Dec 1, 2020

At first I was too shy and insecure to speak much Spanish, afraid of making mistakes. I’d had three years less Spanish than the other students in my program, since I’d started out in French in junior high, as I’ve said, and I continued to have to struggle to understand and keep up.

But in the spring of that year, a strange thing happened. I’d become so facile at conjugating verbs from tables in my head and to referring, mentally, to the other diagrams and charts I’d memorized that I sounded—almost—fluent. Then, quite suddenly, all my “props” fell away—I couldn’t remember these schemata, and I found myself floundering in a sea of panic and confusion. This lasted only a few weeks, until one morning I woke up fluent. I could talk and think—I even began to dream—in Spanish. But the change wasn’t just a matter of verbal proficiency. With mastery, I underwent a more profound transformation from the anxious, reticent young woman I’d been to a voluble, extroverted “Latina.” An alter ego emerged who actually enjoyed being the center of attention. I’m afraid you could hardly shut me up.

Looking back, I think one of the things that freed me was finding in the Spanish language a refuge from my father, a place he couldn’t follow me—criticize or mock me. Rather than the unsympathetic audience I’d had in him, I found a sympathetic one. The Spanish people couldn’t have been more pleased and enthusiastic about anyone’s efforts to speak their language. Soon they were asking me what country I came from, assuming I was a native Spanish speaker, though they couldn’t quite place my accent. (My accent, curiously, WASN’T quite like anyone else’s—and it wasn’t until many years later when I met a woman from the Canary Islands that I finally heard an accent like my own.)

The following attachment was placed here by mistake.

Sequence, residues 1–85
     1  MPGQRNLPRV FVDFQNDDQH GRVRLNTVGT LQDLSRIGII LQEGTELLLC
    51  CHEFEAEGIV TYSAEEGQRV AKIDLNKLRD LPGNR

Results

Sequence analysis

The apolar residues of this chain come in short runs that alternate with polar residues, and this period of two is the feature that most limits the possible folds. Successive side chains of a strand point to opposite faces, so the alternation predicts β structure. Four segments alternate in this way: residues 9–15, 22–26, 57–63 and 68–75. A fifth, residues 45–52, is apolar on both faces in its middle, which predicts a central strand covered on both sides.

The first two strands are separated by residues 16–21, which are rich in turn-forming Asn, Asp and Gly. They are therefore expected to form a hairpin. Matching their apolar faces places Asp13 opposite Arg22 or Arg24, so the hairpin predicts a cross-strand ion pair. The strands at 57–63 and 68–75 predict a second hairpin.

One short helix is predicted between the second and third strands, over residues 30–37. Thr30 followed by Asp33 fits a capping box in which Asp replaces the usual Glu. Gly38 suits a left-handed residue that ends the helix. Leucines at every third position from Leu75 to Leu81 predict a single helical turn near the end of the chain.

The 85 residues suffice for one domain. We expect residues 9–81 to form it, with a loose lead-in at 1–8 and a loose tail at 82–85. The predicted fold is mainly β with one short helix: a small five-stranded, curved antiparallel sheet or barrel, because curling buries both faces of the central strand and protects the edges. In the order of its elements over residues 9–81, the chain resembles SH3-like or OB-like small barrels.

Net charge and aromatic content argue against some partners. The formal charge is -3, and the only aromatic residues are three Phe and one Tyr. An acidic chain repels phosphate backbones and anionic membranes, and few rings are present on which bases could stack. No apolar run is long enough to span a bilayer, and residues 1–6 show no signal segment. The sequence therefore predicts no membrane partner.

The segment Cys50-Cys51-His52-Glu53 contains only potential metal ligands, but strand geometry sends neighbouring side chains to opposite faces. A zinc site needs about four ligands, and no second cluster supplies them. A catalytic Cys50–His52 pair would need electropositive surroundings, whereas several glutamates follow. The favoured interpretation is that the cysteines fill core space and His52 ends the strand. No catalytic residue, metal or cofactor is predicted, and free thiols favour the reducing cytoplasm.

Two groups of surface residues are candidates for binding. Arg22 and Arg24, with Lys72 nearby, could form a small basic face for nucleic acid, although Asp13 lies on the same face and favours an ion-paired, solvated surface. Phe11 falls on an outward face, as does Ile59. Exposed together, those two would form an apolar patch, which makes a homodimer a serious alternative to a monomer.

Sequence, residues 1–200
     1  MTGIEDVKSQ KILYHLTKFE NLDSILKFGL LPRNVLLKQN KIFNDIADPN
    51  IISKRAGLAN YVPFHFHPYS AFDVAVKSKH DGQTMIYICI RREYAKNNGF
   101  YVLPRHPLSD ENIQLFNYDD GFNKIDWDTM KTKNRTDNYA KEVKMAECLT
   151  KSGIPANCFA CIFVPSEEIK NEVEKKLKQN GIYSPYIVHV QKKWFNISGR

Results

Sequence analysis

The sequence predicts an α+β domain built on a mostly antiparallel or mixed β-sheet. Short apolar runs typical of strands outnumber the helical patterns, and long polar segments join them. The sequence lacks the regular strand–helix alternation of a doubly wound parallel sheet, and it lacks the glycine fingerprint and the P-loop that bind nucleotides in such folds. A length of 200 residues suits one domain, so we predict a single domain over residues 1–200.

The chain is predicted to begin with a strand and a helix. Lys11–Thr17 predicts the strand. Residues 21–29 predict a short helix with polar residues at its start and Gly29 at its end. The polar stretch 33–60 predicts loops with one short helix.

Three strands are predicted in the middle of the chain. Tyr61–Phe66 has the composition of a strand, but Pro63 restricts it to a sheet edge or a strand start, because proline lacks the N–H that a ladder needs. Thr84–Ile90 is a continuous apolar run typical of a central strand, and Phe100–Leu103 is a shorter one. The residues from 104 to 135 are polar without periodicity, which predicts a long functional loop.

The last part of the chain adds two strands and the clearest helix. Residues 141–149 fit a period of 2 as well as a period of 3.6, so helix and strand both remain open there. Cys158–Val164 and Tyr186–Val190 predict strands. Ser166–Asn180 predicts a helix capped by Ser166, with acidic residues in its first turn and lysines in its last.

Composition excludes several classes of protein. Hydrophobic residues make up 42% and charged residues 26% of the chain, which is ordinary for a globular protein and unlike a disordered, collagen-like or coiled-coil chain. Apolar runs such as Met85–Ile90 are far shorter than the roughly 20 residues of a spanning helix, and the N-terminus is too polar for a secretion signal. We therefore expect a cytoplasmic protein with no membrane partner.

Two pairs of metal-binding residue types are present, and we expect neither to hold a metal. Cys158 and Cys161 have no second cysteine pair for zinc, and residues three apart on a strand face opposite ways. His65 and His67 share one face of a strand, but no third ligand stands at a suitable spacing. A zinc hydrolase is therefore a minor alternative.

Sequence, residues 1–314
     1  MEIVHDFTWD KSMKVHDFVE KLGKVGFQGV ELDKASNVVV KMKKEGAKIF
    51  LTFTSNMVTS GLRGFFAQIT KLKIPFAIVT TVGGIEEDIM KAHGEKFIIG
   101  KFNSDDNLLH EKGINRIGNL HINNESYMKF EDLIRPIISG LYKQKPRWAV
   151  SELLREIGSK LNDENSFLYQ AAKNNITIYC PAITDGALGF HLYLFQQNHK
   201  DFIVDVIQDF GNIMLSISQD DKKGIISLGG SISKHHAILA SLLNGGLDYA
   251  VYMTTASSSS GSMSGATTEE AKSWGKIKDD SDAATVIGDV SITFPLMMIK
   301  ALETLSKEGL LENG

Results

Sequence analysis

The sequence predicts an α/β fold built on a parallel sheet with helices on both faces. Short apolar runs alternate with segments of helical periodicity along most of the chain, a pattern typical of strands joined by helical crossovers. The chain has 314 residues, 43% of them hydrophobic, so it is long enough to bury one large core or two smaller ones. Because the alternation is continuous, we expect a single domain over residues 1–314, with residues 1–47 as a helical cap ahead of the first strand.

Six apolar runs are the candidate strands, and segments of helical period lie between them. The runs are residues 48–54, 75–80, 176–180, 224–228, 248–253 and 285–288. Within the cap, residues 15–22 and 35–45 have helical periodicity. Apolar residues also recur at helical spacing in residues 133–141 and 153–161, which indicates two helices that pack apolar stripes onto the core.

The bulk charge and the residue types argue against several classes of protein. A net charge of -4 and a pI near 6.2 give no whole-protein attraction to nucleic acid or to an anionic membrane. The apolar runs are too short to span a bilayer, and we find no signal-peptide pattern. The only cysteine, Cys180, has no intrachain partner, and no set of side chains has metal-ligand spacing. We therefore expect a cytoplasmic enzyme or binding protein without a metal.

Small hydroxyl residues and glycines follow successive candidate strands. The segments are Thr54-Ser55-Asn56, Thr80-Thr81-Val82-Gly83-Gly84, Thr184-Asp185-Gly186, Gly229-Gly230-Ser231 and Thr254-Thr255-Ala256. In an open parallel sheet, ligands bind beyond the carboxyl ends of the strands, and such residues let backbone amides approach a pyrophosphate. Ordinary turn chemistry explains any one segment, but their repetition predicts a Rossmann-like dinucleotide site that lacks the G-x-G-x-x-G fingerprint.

And perhaps I should mention here that throughout all these changes, I frequently shared my evolving thoughts and feelings in fantasy dialogues with one person—Dr. Camarer, promising myself that when I got back to the states, I would resume therapy with him. More than once I thought of writing to tell him how rich and full my life was in Spain and to thank him for his help. But I never did.